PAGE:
It is understood in advance that although this disclosure includes a detailed description on cloud computing, implementation of the teachings recited herein are not limited to a cloud computing environment. Rather, embodiments of the present invention are capable of being implemented in conjunction with any other type of computing environment now known or later developed.
 Cloud computing is a model of service delivery for enabling convenient, on-demand network access to a shared pool of configurable computing resources (e.g. networks, network bandwidth, servers, processing, memory, storage, applications, virtual machines, and services) that can be rapidly provisioned and released with minimal management effort or interaction with a provider of the service. This cloud model may include at least five characteristics, at least three service models, and at least four deployment models.
 Characteristics are as follows:
 On-demand self-service: a cloud consumer can unilaterally provision computing capabilities, such as server time and network storage, as needed automatically without requiring human interaction with the service's provider.
 Broad network access: capabilities are available over a network and accessed through standard mechanisms that promote use by heterogeneous thin or thick client platforms (e.g., mobile phones, laptops, and PDAs).
 Resource pooling: the provider's computing resources are pooled to serve multiple consumers using a multi-tenant model, with different physical and virtual resources dynamically assigned and reassigned according to demand. There is a sense of location independence in that the consumer generally has no control or knowledge over the exact location of the provided resources but may be able to specify location at a higher level of abstraction (e.g., country, state, or datacenter).
 Rapid elasticity: capabilities can be rapidly and elastically provisioned, in some cases automatically, to quickly scale out and rapidly released to quickly scale in. To the consumer, the capabilities available for provisioning often appear to be unlimited and can be purchased in any quantity at any time.
 Measured service: cloud systems automatically control and optimize resource use by leveraging a metering capability at some level of abstraction appropriate to the type of service (e.g., storage, processing, bandwidth, and active user accounts). Resource usage can be monitored, controlled, and reported providing transparency for both the provider and consumer of the utilized service.
 Service Models are as follows:
 Software as a Service (SaaS): the capability provided to the consumer is to use the provider's applications running on a cloud infrastructure. The applications are accessible from various client devices through a thin client interface such as a web browser (e.g., web-based e-mail). The consumer does not manage or control the underlying cloud infrastructure including network, servers, operating systems, storage, or even individual application capabilities, with the possible exception of limited user-specific application configuration settings.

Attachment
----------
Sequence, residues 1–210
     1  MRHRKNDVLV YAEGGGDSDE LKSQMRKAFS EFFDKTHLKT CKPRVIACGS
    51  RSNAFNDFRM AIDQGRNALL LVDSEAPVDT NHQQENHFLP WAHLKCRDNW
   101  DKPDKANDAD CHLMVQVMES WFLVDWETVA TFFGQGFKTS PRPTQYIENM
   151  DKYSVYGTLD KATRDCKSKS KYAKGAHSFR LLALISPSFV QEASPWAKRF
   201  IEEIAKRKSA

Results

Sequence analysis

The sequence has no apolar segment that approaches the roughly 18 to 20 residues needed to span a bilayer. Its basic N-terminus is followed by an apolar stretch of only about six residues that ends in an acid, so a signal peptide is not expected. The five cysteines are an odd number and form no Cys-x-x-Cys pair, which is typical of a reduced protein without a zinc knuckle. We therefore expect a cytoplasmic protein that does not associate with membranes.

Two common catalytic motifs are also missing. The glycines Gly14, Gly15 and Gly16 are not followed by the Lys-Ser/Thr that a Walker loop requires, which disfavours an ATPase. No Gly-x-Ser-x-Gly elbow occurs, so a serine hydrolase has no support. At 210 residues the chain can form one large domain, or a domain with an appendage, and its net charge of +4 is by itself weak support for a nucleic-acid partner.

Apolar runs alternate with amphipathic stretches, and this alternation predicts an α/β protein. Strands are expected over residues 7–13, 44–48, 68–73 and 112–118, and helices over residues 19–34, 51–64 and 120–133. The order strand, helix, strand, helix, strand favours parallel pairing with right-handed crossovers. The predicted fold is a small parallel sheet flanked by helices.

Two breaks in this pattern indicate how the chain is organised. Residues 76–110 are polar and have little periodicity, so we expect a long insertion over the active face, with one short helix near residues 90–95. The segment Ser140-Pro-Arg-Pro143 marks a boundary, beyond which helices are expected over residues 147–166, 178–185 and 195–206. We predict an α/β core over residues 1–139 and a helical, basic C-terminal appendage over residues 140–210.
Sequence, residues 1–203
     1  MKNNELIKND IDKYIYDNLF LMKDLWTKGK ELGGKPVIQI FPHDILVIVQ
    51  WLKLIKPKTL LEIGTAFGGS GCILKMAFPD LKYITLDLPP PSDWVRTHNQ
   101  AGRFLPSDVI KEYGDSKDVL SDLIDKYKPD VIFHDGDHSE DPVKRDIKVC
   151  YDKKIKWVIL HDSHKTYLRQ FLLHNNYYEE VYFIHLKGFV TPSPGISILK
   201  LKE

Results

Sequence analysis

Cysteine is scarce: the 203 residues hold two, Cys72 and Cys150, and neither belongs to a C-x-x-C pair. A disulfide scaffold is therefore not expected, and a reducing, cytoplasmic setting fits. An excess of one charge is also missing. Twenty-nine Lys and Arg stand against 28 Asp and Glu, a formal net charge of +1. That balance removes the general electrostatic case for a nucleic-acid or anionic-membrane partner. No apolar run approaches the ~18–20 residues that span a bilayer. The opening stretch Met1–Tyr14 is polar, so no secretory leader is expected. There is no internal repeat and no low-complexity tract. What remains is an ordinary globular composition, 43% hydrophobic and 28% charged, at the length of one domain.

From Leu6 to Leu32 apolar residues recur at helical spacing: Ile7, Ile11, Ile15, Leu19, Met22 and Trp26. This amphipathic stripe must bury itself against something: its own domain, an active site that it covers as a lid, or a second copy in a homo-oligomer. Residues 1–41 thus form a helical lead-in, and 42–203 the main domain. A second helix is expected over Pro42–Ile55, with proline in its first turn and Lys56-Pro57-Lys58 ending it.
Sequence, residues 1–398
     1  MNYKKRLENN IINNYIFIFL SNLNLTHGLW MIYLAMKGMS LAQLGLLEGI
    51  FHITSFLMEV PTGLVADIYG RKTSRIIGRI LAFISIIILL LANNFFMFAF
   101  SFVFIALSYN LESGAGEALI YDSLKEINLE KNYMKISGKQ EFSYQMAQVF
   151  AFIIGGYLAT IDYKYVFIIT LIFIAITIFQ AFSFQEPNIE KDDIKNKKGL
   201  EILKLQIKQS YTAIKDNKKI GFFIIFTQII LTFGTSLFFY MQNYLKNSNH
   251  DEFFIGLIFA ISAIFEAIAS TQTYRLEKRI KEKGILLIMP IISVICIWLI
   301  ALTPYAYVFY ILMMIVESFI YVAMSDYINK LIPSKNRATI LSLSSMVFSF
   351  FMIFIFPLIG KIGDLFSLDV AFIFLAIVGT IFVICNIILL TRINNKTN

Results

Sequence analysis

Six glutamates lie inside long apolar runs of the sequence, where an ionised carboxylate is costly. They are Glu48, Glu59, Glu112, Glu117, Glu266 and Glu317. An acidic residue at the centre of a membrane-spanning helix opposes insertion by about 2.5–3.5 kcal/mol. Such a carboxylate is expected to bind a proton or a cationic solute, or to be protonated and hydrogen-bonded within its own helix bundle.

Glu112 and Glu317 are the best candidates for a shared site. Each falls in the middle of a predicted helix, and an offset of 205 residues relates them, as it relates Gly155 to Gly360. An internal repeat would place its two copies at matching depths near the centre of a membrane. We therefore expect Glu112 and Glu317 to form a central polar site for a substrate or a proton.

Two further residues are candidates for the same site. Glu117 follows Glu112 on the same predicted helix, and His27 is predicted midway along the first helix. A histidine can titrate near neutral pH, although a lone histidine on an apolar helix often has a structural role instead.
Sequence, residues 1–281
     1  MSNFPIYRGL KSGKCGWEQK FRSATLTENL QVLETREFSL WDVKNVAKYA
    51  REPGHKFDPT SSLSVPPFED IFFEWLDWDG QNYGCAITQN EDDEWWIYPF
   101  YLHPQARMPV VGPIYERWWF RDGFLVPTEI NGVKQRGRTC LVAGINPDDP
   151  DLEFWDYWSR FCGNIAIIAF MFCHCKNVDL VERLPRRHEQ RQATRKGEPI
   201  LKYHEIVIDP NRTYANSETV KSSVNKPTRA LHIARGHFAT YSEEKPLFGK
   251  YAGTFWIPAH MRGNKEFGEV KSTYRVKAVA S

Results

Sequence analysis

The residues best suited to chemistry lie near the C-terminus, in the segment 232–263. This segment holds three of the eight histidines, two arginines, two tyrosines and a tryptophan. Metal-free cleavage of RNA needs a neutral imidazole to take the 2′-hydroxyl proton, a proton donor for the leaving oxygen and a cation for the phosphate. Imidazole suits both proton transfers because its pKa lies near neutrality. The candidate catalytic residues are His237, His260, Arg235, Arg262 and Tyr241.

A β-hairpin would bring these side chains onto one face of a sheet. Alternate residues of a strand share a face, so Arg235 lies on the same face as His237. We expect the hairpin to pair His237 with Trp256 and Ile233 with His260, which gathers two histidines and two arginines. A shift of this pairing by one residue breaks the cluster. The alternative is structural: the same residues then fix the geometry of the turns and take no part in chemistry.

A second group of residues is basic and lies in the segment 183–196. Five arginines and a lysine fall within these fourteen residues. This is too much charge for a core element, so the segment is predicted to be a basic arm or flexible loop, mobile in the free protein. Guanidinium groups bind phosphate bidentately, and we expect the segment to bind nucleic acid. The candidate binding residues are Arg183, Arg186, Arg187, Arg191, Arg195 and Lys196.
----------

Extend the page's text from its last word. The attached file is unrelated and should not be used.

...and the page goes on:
Platform as a Service (PaaS): the capability provided to the consumer is to deploy onto the cloud infrastructure consumer-created or acquired applications created using programming languages and tools supported by the provider. The consumer does not manage or control the underlying cloud infrastructure including networks, servers, operating systems, or storage, but has control over the deployed applications and possibly application hosting environment configurations.
 Infrastructure as a Service (IaaS): the capability provided to the consumer is to provision processing, storage, networks, and other fundamental computing resources where the consumer is able to deploy and run arbitrary software, which can include operating systems and applications. The consumer does not manage or control the underlying cloud infrastructure but has control over operating systems, storage, deployed applications, and possibly limited control of select networking components (e.g., host firewalls).
 Deployment Models are as follows:
 Private cloud: the cloud infrastructure is operated solely for an organization. It may be managed by the organization or a third party and may exist on-premises or off-premises.
 Community cloud: the cloud infrastructure is shared by several organizations and supports a specific community that has shared concerns (e.g., mission, security requirements, policy, and compliance considerations). It may be managed by the organizations or a third party and may exist on-premises or off-premises.